73-year-old H from El Salvador had one question on his mind when the Powerball jackpot hit $1.5 billion: Where can I buy a Powerball ticket? Luckily the answer was theLotter and he won the $1 million 2nd prize in the historic draw on 13 January 2016! "I won!" he shouted out when he heard the news. He plans to travel and retire in style. Read his story here.
Lottery winners can choose to receive the money in either an annuity — annual allotments over 30 years — or to get it all at once in a single payment for a smaller amount. For example, the lump sum on the $502 million jackpot would be $301 million, according to lottery site USAMega.com. If a single winner takes the single payment, the federal tax withholding would be over $75 million. Then, there are state taxes too.
The two different methods, both offer you, the player, the same user experience and the only difference is in the back end of how the online lottery ticket provider works. The two methods that online lottery sites use differ in one key way; They either have agents and employees all over the world that physically purchase tickets on behalf of clients or, the more recent phenomenon is when companies essentially take out an insurance policy on every ticket which is tied to the size of the jackpot. This is the difference between you playing the lottery online and betting on the lottery online*. In the latter option you are, de facto, not playing the US Powerball online but rather you are placing a bet with an insurance company on the outcome of the corresponding Powerball draw.
Lotto America was the first lottery game offered by MUSL. In 1987, six states and the District of Columbia banded together, since, on their own, they could not create jackpots into the tens of millions of dollars that had become commonplace in the most popular single-state lottery games. MUSL's first game was called "Lotto America" even though only those seven jurisdictions took part. The first Lotto America drawing was in 1988.
In California, prize levels are paid on a parimutuel basis, rather than the fixed lower-tier amounts for winners in other Mega Millions jurisdictions. California's eight lower-tier Mega Millions prize pools are separate from those shared by the other 45 lotteries. California's second prize is a "secondary jackpot"; its payout sometimes exceeds $1 million cash, even though California does not offer the Megaplier.
Mega Millions players have the option to activate a multiplier, called Megaplier, in 45 of its 46 jurisdictions; it is functionally similar to Powerball's Power Play; except the latter cannot multiply second prize by 5. (Neither Megaplier nor Power Play are offered in California because its state penal code distinguishes between a "lottery" in which the bank cannot be "broken", and a "banked game" whose bank theoretically could be broken; only a "lottery" was authorized by the state Lottery Act.) By adding $1 to a basic Mega Millions game, to $3, a player has an opportunity to multiply any non-jackpot prize by 2, 3, 4, or 5. The Megaplier is drawn by the Texas Lottery (before the cross-sell expansion on January 31, 2010, it was the only lottery to offer Megaplier), which is drawn by a random number generator (RNG). The odds for each Megaplier possibility are not uniform.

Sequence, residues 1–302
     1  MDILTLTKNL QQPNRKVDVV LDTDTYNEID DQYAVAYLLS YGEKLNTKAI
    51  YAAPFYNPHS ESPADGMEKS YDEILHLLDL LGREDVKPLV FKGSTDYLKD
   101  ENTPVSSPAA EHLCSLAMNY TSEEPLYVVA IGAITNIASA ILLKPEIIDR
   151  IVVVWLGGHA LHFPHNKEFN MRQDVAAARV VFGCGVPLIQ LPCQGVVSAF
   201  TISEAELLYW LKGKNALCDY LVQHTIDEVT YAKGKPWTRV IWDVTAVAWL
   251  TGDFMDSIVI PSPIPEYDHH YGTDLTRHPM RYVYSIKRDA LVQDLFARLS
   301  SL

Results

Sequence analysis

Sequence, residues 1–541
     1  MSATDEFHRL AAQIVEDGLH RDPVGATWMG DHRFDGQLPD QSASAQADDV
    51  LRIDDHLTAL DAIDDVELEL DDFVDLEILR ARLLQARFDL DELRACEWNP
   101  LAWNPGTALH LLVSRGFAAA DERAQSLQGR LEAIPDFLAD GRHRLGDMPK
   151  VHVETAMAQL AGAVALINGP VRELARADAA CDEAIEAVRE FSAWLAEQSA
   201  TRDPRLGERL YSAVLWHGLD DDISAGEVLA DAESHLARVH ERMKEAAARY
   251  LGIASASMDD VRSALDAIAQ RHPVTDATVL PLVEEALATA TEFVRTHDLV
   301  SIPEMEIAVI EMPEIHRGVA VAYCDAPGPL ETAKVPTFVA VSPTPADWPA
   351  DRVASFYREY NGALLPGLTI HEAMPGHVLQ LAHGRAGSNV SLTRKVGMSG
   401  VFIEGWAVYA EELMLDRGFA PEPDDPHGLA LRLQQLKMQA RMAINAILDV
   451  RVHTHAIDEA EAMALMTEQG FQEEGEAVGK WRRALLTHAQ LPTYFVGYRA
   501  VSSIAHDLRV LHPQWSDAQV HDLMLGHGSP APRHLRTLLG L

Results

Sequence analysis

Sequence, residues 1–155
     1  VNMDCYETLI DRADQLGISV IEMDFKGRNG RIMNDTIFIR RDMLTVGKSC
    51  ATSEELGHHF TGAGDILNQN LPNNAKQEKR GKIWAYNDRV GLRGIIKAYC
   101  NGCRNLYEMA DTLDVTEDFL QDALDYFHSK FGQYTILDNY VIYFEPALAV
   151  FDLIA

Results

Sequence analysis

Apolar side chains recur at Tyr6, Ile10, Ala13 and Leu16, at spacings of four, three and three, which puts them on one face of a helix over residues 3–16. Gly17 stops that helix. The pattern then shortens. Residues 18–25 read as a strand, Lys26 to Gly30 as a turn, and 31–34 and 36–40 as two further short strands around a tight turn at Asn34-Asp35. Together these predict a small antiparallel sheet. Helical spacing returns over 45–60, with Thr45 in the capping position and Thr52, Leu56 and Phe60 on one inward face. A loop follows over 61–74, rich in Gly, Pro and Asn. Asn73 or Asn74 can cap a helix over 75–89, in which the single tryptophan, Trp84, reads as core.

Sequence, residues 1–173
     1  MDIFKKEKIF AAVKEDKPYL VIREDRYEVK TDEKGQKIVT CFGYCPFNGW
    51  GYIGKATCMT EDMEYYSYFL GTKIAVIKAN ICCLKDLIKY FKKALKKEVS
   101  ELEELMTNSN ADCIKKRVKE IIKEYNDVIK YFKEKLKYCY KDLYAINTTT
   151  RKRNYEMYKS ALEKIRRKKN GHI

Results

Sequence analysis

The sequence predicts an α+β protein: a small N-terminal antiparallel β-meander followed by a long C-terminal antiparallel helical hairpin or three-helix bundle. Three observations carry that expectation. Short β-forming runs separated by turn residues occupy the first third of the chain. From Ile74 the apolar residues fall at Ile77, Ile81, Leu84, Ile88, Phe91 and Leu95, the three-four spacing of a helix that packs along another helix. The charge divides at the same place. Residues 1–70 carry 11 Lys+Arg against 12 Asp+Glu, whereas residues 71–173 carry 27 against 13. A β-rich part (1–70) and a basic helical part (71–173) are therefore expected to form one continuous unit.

Mega Millions is notorious for paying out enormous sums to its winners, including 10 jackpots of more than $300,000,000 since it started. It’s simple to play – pick five different numbers, ranging from 1 to 70, then your Mega Ball (any number from 1-25). Like every other lottery, your win will depend on how many numbers match up with the numbers drawn.
In the aftermath of the attack on the World Trade Center on September 11, 2001, the legislature in Albany, fearing a monumental loss of revenue, passed legislation the following month, which was signed by Governor George Pataki, which included joining a multi-jurisdictional lottery game. Around the same time, for entirely different reasons, Ohio's governor also gave the green light to joining a multi-jurisdictional game. Both lotteries opted to join The Big Game, which, at the time, was offered in seven states. The added populations of the two new jurisdictions, in turn, led to a larger double matrix. The first machine continued to hold white 52 balls, while 16 gold balls were added in the second, meaning there were 52 numbers to pick from in both parts of each $1 game. On May 15, 2002, the game was renamed The Big Game Mega Millions; shortly after, it became just Mega Millions. Except for the 2010 cross-selling expansion, this was the only time The Big Game or Mega Millions simultaneously added more than one member.
The advantages to group game tickets is that is a good way to maximize your exposure (you have a little bit of a lot of tickets) without spending fortunes of multiple tickets. Due to the US Powerball having a minimum jackpot of $40m, group game tickets are always an attractive option as even with only a 2.5% share of the syndicate, you will still win $1m! As the jackpots grow, the Syndicate option becomes more and more appealing. The mantra of the group game player is “it’s better to have a little bit of something than a big bit of nothing.”